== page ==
jabba359 wrote:I make a weekly backup of my boot/OS/application drive, so when the array failed I reverted back to an image of the previous week's drive. That didn't fix anything. If I understand how a RAID array functions, however, when drives are dropped out of the array, the computer marks them so that they don't automatically join back in the array. The only way to get them join in is to reformat the array and add them in (losing all data).
NOT TRUE!!! Do not re-insert a bad drive back into the array. That will destroy data. A bad drive needs to be replaced. If only one drive fails the drive array will still work. On your server, are the drives hot swap (can you install one with the PC still running)? If they are there may be LEDs on the face of the drive indicating it's condition with different colors. Replace the bad drive with a new on and it will rebuild back into the array.
I've gotten some demo software that creates a virtual software RAID, and it looks like most of my information is intact. They want $180 for it, so I was looking for other possible solutions.
FROM JACK Never heard of this but that doesn't mean it won't work. I've just never heard of it.
I had thought a RAID 5 would keep things like this from happening, as I've never had a hard drive fail and the chances of two drives going bad at the exact same time are astronomically slim. Guess I didn't account for software errors taking the drives offline. Lesson learned. Even if I have a redundant system, back it up anyway!
, Is you array set up in the BIOS or the OS? I used the BIOS level since it is created prior to the OS.
You need at least 3 hard drives the same size. RAID 2 is used with 2 drives and it's called a mirror as the second drive is exactly like the first.
You have 4. That means 1 of the 4 drives is not seen as usable drive space. If each drive equals 100 gb that equals 400 gb of space. However, you only have 300 gb of usable space. The other 100 gb is used as an online backup for lack of a better phrase. The data is scattered throughout the drives. That way if one drive fails you can replace it with a new one and it will be built back into the array with no data loss. As you said though two drives don't fail at the same time in a perfect world. Your data is gone gone gone. That's why it's still important to backup whatever is on the array drives to another place before this happens. Re-writable DVDs are an easy option. They are cheap and you can use them over and over. If your OS was on the other drive you should still be able to boot up, just not see whatever you had on the drive array (I think you gave it the drive letter D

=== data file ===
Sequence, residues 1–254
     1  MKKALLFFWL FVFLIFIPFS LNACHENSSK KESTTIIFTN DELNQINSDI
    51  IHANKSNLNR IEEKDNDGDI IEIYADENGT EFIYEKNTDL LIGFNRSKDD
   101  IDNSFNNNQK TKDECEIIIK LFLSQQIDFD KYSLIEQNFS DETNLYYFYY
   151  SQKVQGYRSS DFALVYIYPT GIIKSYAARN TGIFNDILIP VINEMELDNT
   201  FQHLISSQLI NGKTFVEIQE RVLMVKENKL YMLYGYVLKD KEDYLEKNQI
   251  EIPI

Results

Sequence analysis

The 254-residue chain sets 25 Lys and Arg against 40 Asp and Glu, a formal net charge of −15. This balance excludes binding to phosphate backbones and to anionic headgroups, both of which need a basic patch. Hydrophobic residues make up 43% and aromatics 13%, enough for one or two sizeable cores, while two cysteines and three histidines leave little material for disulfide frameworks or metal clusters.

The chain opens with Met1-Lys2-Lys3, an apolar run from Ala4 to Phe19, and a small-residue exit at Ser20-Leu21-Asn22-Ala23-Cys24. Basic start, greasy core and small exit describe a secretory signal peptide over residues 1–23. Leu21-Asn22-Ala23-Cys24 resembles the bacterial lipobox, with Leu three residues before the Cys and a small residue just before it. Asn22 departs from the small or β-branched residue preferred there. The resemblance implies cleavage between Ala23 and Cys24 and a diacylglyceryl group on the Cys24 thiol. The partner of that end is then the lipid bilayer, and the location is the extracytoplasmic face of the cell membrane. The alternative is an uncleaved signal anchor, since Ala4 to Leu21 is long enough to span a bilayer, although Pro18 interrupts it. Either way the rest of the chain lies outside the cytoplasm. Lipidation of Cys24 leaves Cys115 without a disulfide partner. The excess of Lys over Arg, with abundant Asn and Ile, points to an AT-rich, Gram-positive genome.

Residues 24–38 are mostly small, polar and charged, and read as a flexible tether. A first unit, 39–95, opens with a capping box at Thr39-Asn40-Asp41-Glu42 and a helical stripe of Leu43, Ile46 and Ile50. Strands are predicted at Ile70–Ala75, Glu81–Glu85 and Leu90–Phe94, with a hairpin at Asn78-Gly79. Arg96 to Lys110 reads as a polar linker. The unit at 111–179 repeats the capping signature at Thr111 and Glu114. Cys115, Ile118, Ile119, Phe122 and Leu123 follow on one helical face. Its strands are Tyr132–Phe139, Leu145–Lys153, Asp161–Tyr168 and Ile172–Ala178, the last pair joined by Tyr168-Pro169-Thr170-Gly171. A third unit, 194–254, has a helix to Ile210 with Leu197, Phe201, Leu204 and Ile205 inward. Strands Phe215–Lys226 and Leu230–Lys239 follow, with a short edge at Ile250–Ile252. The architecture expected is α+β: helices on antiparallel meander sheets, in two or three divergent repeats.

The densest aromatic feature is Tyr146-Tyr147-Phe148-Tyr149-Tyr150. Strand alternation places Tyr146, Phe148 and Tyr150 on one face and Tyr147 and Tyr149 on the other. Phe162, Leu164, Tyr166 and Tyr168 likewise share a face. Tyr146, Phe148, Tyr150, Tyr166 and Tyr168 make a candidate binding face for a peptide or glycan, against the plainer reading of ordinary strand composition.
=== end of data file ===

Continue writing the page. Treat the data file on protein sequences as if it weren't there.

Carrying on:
According to me all data on the drive array is gone. There may be options I'm not aware of. It's been over 5 years since I've worked on this kind of stuff.
Hope this is informative even if you can't get your data back. It may help next time. Always have backups of anything you can't afford to loose and always test restoring files that have been backed up. I've seen companies loose thousands worth of data and customer info. Think of a bank that lost your mortgage with no backup. No more house payments for you. Yeah!
I had a customer once that had a project on a drive valued at a whole lot. The controller went bad. That's the circuit board mounted on the drive. They sent the drive to a company that takes the drive apart and tries to get the data off the disks themselves. I heard the bill for that was over $4000.00.